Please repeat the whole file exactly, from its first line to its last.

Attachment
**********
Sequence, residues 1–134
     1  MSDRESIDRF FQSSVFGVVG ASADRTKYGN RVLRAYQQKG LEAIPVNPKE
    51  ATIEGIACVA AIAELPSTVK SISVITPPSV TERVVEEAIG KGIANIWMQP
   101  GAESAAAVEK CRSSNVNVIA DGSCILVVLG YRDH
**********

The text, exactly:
Sequence, residues 1–134
     1  MSDRESIDRF FQSSVFGVVG ASADRTKYGN RVLRAYQQKG LEAIPVNPKE
    51  ATIEGIACVA AIAELPSTVK SISVITPPSV TERVVEEAIG KGIANIWMQP
   101  GAESAAAVEK CRSSNVNVIA DGSCILVVLG YRDH